Star Date: July 2004
This travelogue is dedicated to my dear Dad, Peter, and a cherished friend, Elizabeth, both of who passed on last month. Our hearts are heavy with sadness and they will be greatly missed. Yet they both lived full, rich lives and we can each hope for the same. The below quote is from a poem my Mom wrote for my Dad's memorial:
I Am Not Here
Do not stand by my grave and weep..........
I am not here,
I am not asleep.
I'm alive in all the places
That I loved so much.
I am the sun glistening off the waves
In the lake where the musky hides,
In the stillness of the evening,
As the sunset changes from dusk to dawn.
I am in the sunbeams
Streaming through the leaves
Of the majestic maples and pine
As they touch the ground covered with warmth
Causing trilliums and violets to stir.
Rather look to the clouds
And see the hundreds of geese and ducks
Returning from their annual migration,
And you will understand.........................
(Laverne Jelich May, 2004)
Seize the Moment! Enjoy the day! And this is what we are trying to do as we travel across the Outback of Australia.
Our travels have us driving from Cairns on the east coast across the whole country to Broome, on the west coast, over 5000 kms. How do you begin to explain what the Outback is like? Try massive expanses of open space, vivid blue skies that turn from golden to red to purple at sunset, followed by a sky full of stars that seem so bright and close that you could reach out and touch them. Birds say goodnight, kangaroos hop, and the dingoes may howl, otherwise is completely silent. An amazing place. Warm and dry in the day and cold at night. Road trains, an eighteen wheeler pulling 3 or 4 trucks behind, driving 120 kms. an hour, coming straight for you down the middle of the sometimes single highway (single for 15 kms., then double, then single). Two of them would cover the length of a football field! Good thing we activated our 'road train force field' before starting out each morning!
Just when you are wondering if you gauged your petrol right, and if it is more than 250 kms. before the next town, something appears on the horizon. A town or a mirage? And sometimes after passing through you are still wondering?! A deadly sign posted: "Sorry No Fuel" makes you happy that the can in the back is full of gas. This is a land of flying doctors one day a month, School of the Air by shortwave to the remote cattle station youngsters, wild cattle and camels, road kills serviced by enormous eagles, windmills, fires, frogs in the toilets, great names like Dismal Creek, Dead Horse Springs and remarkable stories about crocodiles walking through the streets during the Big Wet.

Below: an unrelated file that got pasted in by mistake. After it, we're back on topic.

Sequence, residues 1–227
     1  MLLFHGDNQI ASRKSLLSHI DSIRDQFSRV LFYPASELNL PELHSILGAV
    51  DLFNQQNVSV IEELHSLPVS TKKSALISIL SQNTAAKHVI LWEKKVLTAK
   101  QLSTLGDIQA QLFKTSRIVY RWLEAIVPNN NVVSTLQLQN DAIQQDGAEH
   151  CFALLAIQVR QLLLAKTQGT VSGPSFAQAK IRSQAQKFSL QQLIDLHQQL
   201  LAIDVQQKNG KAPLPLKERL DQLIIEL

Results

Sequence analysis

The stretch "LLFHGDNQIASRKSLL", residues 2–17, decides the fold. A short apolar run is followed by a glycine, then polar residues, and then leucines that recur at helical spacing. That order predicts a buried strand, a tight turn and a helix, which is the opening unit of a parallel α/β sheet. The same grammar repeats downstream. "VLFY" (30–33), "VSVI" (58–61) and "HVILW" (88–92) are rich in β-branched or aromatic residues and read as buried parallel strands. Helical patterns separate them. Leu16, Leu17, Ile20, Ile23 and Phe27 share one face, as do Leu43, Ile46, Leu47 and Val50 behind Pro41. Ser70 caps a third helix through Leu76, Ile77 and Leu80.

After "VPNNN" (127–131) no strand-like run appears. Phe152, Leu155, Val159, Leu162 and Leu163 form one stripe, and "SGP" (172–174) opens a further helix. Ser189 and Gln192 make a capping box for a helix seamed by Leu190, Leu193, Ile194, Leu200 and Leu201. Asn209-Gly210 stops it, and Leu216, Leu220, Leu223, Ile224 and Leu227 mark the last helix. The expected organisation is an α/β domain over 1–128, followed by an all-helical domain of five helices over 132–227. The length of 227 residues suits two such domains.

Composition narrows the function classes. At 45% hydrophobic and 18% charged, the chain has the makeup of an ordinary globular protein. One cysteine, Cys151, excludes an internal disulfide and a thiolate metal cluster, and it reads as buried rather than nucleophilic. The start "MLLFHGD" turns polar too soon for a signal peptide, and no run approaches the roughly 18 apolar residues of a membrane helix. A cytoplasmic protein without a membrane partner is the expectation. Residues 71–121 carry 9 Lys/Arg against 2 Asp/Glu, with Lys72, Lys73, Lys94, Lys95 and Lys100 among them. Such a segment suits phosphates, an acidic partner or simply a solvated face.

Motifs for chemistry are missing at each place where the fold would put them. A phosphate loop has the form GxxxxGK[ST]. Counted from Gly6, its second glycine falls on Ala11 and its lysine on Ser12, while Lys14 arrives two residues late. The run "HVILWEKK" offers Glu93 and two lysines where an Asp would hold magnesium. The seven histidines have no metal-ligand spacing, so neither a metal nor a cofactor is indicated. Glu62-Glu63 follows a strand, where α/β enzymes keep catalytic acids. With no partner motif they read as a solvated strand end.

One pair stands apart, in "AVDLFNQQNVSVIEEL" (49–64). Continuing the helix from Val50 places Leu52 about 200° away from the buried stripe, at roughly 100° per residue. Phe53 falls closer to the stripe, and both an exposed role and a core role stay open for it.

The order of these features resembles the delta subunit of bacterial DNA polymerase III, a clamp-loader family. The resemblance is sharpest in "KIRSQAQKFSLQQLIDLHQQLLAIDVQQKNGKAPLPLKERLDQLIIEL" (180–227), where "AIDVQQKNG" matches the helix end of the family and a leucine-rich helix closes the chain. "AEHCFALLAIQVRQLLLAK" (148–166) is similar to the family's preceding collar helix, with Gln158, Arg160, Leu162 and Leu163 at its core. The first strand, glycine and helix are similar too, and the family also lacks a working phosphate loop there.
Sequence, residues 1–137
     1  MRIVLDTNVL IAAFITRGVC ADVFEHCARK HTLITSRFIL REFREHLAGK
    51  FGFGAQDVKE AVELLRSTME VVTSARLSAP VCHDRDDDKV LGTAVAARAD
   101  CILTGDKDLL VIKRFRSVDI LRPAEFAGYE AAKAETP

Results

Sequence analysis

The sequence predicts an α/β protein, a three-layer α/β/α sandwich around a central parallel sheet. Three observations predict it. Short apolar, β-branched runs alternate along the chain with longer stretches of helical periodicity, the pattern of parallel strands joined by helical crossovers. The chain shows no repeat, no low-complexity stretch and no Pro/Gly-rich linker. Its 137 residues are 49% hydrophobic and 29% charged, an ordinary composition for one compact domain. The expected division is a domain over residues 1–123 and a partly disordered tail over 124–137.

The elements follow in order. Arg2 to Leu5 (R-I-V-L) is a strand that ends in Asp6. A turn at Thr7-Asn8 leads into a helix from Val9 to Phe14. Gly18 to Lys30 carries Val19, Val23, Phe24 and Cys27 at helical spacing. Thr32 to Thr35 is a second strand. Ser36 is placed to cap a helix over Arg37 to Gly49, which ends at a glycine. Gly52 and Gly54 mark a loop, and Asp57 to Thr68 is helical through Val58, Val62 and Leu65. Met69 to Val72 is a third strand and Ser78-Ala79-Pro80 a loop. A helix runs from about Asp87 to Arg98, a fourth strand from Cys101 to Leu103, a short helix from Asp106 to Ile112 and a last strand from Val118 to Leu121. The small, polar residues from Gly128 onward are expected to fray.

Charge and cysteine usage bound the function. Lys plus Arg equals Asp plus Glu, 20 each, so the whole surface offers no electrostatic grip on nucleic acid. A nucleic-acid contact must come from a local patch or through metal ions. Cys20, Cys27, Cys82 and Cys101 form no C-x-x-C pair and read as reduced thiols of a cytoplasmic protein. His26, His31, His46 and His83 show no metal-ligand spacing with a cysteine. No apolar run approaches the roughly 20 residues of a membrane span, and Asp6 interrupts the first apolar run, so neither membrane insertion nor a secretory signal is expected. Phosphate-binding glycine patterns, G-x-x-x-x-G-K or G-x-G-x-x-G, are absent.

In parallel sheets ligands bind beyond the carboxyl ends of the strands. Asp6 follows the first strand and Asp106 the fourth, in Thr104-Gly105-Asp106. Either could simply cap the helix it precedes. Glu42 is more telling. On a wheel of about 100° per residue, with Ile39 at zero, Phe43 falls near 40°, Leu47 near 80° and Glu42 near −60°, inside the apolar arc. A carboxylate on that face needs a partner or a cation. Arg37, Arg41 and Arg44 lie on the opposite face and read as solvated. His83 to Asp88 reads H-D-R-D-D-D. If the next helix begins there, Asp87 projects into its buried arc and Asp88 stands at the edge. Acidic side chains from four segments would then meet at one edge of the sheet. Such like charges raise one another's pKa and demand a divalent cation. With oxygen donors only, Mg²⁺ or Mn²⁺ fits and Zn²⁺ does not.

But by far the best part of the Outback is the people. Wonderful aboriginals ready to talk when they know you are really interested in what they have to say. White folk out in the middle of nowhere, eking out an existence. Characters, one and all. Definitely our kind of people! Thank God for the rugged individuals of this world!
Other Highlights: Joseph staying with great new friends in Cooktown, in the far northeast, sharing his computer knowledge with the family, while the wife fixed the Kombi; being invited to stay with a wonderful tuned in couple in Cairns where we hiked to waterfalls in the rain and went out in the backwaters looking for crocodiles with their boat; spending the day at Tjapuki, an aboriginal village, learning about culture, music, and trying our hand at throwing boomerangs and spears; seeing the famous Big Peanut Motel in the peanut capitol of Australia; hiking in a national park past Atherton and seeing a 6 ft tall cassowary in the wild: (they are known to disembowel humans with their front claws if provoked, so we gave it a wide berth). Finally making it near the Bay of Carpentaria, then to Normanton, home of Krys, an actual size replica of a 30 foot crocodile shot between the eyes while sleeping down at the river. Unbelievably big! They are known to chew on boat propellers when they get into their territory. One Aussie was just taken from behind last week, while washing off his dirt bike in the river. The same croc treed his 2 buddies for 4 days until they could be rescued. We definitely take care when camping or walking near the water! Would you??? Driving for many hot days and swimming in 2 thermal pools near Mataranka, The Land of the Never, Never, because you are said to never leave once you discover this gem, (by the way this was the home of thousands of red flying fox hanging in the trees, archer fish spitting water at bugs then scooping them up, poisonous spiders overhead in webs, a baby tree python floating by, but only the possibility of freshwater crocs, and they don't bite you unless you step on them!) The water really was lovely!!! None of the 169 poisonous things in Australia had us on the menu that day! Staying on a mango farm with Servas near Katherine; being told that we couldn't take any fruits or vegetables into Western Australia and deciding to stay up on the top of a butte for 4 days, near Timber Creek, to eat up our stash of fresh organic produce. It was quiet, peaceful and beautiful. Life telling us to slow the pace a bit.
And so goes life on the road................. We think of you all often and hope that you are happy, healthy and enjoying the good things that life has to offer, NOW! Thanks for your welcomed emails keeping us up to date. Take care and keep smiling!
xoxoxxo Love, Nancy & Joseph
Beautiful Aboriginal children near Mataranka.
A new friend at a roadhouse in the Outback.
30 foot croc at Normanton. Look at the size of that mouth!!!
The character in Georgetown who told us about the crocs
Proprietor of the oldest (early 1900's) and most
The rare 6 ft. cassowary we encountered while hiking in
New friends we met at a small, unexpected traveling carnival.